Senate jumps into Bitcoin fray

The Senate Homeland Security and Government Affairs Committee has launched a review of how the government regulates virtual currencies such as Bitcoin.

The panel sent a letter on Monday to seven federal agencies, requesting information about any policies, procedures or initiatives for overseeing virtual currencies. 

In the letter, committee Chairman Tom CarperThomas (Tom) Richard CarperOvernight Energy: EPA watchdog finds Pruitt spent 4K on 'excessive' travel | Agency defends Pruitt expenses | Lawmakers push EPA to recover money | Inslee proposes spending T for green jobs Lawmakers take EPA head to task for refusing to demand Pruitt repay travel expenses Dems request investigation of lobbyist-turned-EPA employee who met with former boss MORE (D-Del.) and ranking member Tom CoburnThomas (Tom) Allen CoburnThe Hill's Morning Report — Presented by PhRMA — Worries grow about political violence as midterms approach President Trump’s war on federal waste American patients face too many hurdles in regard to health-care access MORE (R-Okla.) revealed their aides have been interviewing people in the government and private sector about the potential risks of Bitcoins and other virtual currencies.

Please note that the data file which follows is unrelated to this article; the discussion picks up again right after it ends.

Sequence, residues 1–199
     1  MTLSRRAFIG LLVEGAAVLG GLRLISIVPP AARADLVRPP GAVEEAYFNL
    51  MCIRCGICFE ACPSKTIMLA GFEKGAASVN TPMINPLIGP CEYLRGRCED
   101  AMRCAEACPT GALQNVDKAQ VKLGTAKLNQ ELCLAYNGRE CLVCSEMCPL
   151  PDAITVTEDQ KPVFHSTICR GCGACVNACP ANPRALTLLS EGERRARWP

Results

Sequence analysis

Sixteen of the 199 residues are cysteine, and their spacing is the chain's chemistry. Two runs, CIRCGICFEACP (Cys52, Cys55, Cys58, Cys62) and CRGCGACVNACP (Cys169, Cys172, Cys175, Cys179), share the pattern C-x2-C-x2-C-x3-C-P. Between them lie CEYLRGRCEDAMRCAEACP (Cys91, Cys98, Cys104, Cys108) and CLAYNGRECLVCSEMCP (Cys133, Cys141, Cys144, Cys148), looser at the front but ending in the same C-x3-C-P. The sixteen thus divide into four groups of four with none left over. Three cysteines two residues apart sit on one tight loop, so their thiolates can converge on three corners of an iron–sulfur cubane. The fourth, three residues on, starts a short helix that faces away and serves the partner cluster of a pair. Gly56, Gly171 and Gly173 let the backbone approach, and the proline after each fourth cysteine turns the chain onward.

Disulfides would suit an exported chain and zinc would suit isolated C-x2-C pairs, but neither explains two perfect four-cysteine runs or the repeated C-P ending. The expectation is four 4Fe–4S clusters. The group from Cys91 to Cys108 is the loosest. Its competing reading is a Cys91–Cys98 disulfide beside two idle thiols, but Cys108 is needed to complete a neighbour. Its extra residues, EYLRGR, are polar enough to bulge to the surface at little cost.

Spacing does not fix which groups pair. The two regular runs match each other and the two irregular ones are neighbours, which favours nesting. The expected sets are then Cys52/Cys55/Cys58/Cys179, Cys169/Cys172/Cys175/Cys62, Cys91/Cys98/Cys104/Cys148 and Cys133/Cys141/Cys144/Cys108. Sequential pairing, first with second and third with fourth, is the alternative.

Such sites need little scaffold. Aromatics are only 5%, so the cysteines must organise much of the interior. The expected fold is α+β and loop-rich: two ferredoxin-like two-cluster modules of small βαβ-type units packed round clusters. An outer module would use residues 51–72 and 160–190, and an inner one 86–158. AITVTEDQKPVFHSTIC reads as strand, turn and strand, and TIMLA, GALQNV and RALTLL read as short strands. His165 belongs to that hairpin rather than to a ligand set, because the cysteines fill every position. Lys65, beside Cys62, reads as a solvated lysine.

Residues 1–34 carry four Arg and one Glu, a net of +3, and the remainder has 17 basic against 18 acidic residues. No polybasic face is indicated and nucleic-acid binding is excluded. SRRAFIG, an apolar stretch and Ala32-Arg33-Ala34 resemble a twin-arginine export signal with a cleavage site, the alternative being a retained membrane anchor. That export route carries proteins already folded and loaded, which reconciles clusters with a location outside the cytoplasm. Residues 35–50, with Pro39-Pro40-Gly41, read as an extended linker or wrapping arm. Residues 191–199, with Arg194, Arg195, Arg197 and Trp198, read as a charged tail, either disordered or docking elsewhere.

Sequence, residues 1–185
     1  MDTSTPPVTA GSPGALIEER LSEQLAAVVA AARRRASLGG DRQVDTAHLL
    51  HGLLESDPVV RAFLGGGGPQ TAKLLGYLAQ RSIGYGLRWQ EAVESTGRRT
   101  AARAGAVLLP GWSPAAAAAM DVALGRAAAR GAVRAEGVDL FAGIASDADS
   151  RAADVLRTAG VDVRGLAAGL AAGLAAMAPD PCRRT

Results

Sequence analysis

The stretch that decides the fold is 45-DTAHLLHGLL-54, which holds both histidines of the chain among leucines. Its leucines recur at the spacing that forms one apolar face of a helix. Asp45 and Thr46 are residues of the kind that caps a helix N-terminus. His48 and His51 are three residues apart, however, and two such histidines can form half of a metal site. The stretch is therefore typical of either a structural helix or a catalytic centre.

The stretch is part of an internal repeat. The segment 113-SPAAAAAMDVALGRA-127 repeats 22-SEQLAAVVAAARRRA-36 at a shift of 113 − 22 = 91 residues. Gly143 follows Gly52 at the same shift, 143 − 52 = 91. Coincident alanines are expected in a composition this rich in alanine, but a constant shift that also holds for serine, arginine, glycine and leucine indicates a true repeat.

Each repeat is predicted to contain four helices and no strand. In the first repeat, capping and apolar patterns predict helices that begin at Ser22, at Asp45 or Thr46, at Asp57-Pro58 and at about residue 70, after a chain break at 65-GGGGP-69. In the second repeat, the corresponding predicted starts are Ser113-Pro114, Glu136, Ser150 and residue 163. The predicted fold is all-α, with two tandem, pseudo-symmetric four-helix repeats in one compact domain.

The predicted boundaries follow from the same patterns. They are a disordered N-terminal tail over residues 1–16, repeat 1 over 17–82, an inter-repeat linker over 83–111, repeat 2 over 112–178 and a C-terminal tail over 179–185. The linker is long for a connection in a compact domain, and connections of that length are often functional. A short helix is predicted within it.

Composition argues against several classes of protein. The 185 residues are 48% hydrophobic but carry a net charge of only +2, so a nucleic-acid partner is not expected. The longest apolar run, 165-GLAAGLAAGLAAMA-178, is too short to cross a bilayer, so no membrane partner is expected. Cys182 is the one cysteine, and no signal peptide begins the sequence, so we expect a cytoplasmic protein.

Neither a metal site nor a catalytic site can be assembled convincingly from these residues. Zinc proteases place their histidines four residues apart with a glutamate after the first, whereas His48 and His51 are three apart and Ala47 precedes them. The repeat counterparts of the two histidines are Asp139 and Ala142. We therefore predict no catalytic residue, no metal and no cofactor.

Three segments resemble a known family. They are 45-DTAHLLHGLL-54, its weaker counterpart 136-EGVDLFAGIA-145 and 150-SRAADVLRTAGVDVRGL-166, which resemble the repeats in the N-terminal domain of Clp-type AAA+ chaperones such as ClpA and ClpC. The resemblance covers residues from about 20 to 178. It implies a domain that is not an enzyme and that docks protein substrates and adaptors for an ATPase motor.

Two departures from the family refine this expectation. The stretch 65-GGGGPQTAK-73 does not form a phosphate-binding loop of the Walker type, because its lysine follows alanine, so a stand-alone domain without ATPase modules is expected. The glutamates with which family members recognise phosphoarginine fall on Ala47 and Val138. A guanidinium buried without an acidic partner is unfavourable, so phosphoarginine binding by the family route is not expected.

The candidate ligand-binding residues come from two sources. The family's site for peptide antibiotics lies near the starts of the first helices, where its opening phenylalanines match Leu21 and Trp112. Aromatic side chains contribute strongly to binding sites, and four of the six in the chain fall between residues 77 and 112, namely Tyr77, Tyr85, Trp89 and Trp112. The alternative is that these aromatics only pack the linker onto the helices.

"The expansive nature of this emerging technology demands a holistic and whole-government approach in order to understand and provide a sensible regulatory framework for their existence," the senators wrote. "As with all emerging technologies, the federal government must make sure that potential threats and risks are dealt with swiftly; however, we must also ensure that rash or uninformed actions don't stifle a potentially valuable technology." 

The lawmakers sent the letter to the Federal Reserve, Securities and Exchange Commission, Office of Management and Budget, the Commodity Futures Trading Commission and the departments of Homeland Security, Justice and Treasury.

Bitcoins, which exist only online, have no central managing authority, and their owners are anonymous. 

Carper and Coburn worried that the "anonymous and decentralized nature has also attracted criminals who value few things more than being allowed to operate in the shadows."

The currency has caught the attention of state and federal regulators as its popularity has surged in recent months. 

New York's financial regulator subpoenaed 22 firms associated with Bitcoins and said on Monday that it is considering new regulatory guidelines for virtual currencies.